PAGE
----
What you need to know:
- Informative soil testing helps in improving on-farm nutrient efficiency, leading to increased return on investment for fertiliser and lime application and decreases the risk of off-site nutrient movement due to leaching or soil erosion.
Farmer Grace is in the process of preparing the greenhouse for transplanting capsicum seedlings.
She will be planting the seedlings directly in the soil thus there is need to understand the nutrients available particularly because this is a newly constructed greenhouse.
Crop yields are normally determined by various factors such as the nutrients available, soil moisture content and presence of pests and diseases.
In this article, we shall focus on soil sampling and nutrients.
Soil sampling refers to the process of collecting a sample to represent a block of land for testing to determine the nutrients or pathogens available.
On the other hand, soil nutrients refer to elements in the soil required for plant growth which play a critical factor in determining the success of crop growth.
A farmer needs to conduct soil testing as this helps in identifying the specific nutrients available in the soil and indicates the nutrients, which are missing or in excess.
Soil testing is important as it helps in determining the favourable fertiliser plan to maximise production.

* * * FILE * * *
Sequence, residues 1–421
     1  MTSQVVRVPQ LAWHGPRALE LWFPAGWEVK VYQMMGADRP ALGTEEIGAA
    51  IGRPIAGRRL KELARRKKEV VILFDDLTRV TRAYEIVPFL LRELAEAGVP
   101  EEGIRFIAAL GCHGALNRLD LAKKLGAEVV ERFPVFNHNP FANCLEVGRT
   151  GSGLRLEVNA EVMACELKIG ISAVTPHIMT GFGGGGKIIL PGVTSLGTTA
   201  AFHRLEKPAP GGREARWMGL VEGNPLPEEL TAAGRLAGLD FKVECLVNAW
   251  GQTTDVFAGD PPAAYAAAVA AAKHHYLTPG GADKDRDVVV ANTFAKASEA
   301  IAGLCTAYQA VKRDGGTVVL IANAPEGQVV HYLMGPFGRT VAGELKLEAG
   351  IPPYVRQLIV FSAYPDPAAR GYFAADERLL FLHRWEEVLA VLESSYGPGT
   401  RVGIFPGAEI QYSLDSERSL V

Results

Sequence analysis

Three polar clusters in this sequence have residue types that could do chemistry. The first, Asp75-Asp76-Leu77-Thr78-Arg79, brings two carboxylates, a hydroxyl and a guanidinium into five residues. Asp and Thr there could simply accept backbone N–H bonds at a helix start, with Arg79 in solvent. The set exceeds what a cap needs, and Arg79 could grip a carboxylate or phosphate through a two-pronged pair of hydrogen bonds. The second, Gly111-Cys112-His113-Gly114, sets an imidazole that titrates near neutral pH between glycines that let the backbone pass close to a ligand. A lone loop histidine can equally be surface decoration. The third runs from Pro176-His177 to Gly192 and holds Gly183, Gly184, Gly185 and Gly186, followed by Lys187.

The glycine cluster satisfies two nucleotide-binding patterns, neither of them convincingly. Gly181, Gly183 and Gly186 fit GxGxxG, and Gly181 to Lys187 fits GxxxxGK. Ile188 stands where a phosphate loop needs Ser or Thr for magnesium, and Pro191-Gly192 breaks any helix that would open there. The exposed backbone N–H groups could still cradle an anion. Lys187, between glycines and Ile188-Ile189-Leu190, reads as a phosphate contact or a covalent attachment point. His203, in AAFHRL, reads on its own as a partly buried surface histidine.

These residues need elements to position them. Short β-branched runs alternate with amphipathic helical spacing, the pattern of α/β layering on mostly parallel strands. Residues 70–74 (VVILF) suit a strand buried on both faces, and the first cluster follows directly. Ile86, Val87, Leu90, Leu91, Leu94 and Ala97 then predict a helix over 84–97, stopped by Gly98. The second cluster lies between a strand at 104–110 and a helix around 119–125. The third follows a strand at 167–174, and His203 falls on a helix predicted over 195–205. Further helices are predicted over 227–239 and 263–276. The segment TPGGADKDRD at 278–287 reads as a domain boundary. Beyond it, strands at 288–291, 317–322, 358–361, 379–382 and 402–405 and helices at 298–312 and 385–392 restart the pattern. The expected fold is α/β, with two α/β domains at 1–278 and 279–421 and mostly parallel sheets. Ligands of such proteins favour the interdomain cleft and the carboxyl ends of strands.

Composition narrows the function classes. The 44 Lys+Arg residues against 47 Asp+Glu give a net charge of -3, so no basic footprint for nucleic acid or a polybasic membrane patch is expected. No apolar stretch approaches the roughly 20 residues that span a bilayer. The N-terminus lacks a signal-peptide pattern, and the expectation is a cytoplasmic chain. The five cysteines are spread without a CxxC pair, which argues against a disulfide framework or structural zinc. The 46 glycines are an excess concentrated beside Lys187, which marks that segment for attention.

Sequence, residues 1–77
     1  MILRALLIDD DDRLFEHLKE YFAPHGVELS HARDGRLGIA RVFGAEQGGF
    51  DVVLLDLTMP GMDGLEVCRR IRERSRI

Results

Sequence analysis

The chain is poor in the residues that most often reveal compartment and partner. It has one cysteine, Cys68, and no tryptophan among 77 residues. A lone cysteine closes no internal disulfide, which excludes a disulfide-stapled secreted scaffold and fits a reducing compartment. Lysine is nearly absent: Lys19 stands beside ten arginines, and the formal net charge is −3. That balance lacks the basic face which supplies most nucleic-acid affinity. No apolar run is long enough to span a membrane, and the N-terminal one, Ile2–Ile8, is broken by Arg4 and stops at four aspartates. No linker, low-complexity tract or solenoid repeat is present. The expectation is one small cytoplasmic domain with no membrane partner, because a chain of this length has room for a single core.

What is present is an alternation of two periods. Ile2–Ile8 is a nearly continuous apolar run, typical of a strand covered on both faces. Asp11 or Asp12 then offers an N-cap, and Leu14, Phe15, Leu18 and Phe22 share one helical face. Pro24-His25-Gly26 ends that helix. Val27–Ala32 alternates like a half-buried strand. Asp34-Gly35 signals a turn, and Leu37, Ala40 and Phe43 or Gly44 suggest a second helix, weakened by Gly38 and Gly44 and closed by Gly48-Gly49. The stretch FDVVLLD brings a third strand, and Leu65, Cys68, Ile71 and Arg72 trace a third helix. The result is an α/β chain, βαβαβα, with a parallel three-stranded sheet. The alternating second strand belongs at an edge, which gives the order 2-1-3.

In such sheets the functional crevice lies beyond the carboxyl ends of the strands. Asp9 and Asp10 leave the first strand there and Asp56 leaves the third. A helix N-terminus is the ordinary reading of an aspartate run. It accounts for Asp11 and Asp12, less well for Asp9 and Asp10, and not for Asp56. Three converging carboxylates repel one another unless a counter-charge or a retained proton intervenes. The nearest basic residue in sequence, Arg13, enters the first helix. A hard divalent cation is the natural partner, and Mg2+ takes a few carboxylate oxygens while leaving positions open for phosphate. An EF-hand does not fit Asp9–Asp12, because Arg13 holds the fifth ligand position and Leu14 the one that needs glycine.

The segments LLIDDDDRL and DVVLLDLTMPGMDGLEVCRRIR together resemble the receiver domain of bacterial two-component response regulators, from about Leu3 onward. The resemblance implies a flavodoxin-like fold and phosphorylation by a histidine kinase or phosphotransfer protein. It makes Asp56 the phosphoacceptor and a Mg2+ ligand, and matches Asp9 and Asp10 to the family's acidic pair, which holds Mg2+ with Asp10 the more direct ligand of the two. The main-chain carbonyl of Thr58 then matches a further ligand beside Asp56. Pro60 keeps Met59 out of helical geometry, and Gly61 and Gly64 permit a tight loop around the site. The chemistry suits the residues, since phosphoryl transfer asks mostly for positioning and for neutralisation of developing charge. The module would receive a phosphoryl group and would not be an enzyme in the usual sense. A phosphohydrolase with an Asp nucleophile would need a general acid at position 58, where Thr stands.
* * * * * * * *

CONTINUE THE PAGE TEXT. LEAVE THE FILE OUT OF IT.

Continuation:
Informative soil testing helps in improving on-farm nutrient efficiency, leading to increased return on investment for fertiliser and lime application and decreases the risk of off-site nutrient movement due to leaching or soil erosion.
There are different methods of collecting the soil for sampling. They include random, zigzag and transverse. Reliable soil testing relies on proper soil sampling, by collecting soil at the right depth and the correct place to represent the entire block.
While collecting the sample, be orderly as proper handling of the soil simplifies the collection process and minimises the chance of human errors such as mislabeling or the misplacing of the soil sample.
Gather all the required tools for soil sampling, which include the soil auger for scooping the soil, packaging materials, and a bucket for collecting and mixing.
It is important to ensure the soil is collected at a uniform depth and in the same manner for each sample to maintain consistency.
Avoid collecting the soil along the pathways, or in areas where manure had initially been placed.
Depending on the method identified, collect the soil about 30cm deep and from different points and mix it well in a bucket. If the soil is excessively wet, allow it to dry slightly by spreading a thin layer on a flat surface like a table.
One should not dry the soil sample in an oven or microwave as excessive heat can damage the sample and alter laboratory results.
Once the soil is collected, it should be packed in a khaki bag that is well-labelled with the farmer’s details such as the date of collection, the previous crops planted, and the crop the farmer intends to grow in the next season.
There are several organisations, both private and public, that do soil analysis. The collected soil should be delivered to the laboratory as soon as possible for analysis.
Farmer Grace this week collected the samples and delivered them to the laboratory.
Depending on the laboratory, it takes approximately seven days for the results to be out.
In our next article, we shall look at the results and develop a fertiliser programme to be used.